The Therapeutic Process

Connection

The therapeutic process truly begins when a connection is established. When you feel heard, cared for, safe, relaxed. In this space, a therapeutic relationship can take root. You can sink in, let go, and together we can begin the process of unwinding layers of tension patterns that your body dutifully carries for you. The reality is that many of us carry layers upon layers of guarding and it can take time to establish enough trust to dive into the “deeper” work. Not only trust in me, but more importantly, trust in yourself and your own process. So remember to be patient, it took a long time for you to get to where you are right now in your relationship with your body, it will also take time to change. 

 

Communication

Massage is a conversation, both a silent and verbal exchange. Pressure, presence, intention, and body language are important elements of the non-verbal aspect, but articulating what you experience while receiving can take time to develop as well. Taking the time to develop this skill will enhance every massage you receive, illustrating the importance of a thorough intake and conversation. When we connect words to our inner experience we can begin to decipher the body's messages.  This will enhance your ability to articulate what you need, it will help you hone in on the most helpful intention for our time together,  and it will set the stage for successful communication while you’re on the table.

 

Receiving

Receiving isn’t something that comes naturally to many. We spend so much time giving and doing that when we slow down and ask the body to just receive, we might be greeted with a range of feelings, some familiar and some unfamiliar. We might also encounter desensitization, when the body's sensory receptors have been dulled leaving you feeling like you need extreme pressure to feel anything at all. Hopefully, you will also slip into a state of bliss as you tune out the rest of the world and become fully present. That is our goal and the road there is different for each person.  Whatever you might experience along the way, it is part of your story, and that unfolding story is what guides the therapeutic process. So remember to be gentle with yourself, your body has dutifully carried you through everything this life has thrown at you.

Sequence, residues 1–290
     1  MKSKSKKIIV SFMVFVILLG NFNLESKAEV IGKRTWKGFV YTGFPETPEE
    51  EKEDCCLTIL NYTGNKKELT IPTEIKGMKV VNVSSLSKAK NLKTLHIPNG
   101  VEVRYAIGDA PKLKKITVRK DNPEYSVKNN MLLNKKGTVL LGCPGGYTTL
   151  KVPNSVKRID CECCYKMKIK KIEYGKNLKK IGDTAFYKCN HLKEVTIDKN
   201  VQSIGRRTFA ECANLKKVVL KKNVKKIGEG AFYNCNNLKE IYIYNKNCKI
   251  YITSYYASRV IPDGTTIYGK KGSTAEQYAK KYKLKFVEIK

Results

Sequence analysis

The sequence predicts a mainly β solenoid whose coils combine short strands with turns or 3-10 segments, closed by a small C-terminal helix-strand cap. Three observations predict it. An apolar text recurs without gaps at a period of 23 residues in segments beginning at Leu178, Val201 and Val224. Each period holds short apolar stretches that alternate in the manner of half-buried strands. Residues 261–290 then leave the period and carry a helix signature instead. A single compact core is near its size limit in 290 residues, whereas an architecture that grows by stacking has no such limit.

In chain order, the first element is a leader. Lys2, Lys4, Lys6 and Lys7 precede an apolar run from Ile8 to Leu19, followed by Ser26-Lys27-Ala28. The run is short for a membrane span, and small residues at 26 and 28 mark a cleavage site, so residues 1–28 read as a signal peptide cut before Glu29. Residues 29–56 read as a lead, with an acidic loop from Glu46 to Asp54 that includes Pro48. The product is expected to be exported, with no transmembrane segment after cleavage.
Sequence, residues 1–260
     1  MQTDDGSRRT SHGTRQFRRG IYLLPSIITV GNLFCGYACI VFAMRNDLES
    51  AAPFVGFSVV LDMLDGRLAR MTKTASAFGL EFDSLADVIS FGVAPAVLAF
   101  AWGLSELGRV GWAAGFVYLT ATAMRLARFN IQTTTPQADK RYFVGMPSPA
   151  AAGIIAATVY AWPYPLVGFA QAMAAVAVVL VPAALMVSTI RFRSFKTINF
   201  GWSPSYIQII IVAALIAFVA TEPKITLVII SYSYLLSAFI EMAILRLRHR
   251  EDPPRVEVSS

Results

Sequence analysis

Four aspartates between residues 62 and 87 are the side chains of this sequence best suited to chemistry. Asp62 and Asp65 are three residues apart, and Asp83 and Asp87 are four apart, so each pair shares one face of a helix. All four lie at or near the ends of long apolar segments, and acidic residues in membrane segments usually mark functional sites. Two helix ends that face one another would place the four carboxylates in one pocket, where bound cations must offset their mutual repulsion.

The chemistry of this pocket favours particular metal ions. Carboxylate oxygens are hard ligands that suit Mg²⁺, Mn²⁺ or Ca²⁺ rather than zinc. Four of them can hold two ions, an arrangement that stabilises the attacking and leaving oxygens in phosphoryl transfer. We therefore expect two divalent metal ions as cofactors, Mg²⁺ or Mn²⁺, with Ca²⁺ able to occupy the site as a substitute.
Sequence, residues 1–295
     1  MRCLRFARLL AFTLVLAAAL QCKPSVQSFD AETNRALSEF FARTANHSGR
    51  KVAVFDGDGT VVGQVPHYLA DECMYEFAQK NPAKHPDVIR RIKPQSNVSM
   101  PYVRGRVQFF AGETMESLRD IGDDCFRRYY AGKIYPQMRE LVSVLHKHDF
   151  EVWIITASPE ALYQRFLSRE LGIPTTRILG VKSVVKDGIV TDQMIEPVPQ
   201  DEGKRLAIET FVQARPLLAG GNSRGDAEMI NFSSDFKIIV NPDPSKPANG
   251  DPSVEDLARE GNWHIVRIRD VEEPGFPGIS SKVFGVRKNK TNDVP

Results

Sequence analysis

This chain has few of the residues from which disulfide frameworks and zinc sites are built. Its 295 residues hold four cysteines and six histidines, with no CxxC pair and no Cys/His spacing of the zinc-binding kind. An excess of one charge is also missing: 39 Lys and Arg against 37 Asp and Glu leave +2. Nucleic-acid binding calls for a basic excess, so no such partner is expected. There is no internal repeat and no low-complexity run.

You

You are the most important part of the therapeutic process! How you choose to engage in it, or not. Contrary to how massage is often portrayed, therapeutic massage requires your involvment.  It took time, often years, to build the neuromuscular pathways that enable your body to do as much as you ask it to in a day. It will also take time to let go of patterns that are no longer needed, or wanted, to heal wounds that have left deep scars, to be vulnerable enough to receive, to be brave enough to find a new way of being. Remember, when you commit to honoring your process, the work gets easier.

Therapeutic Massage

Everyday our bodies send messages with information to guide us in its care, urging us to listen. Often we don’t hear those messages until they are screams of pain, discomfort, and disease. 

 

What if we could learn how to hear, and understand, those messages when they’re just a whisper?

 

Therapeutic massage, through the therapeutic process, has the potential to help you do just that.  When the nervous system is invited, and allowed, to slow down enough to let go of all the protective mechanisms put in place to survive in this overstimulating world, we embark on a journey inward. We venture into our infinitely complex, intelligent, and beautiful inner environment. Only then can we begin to learn the body’s language, and finally hear what it has been trying to share.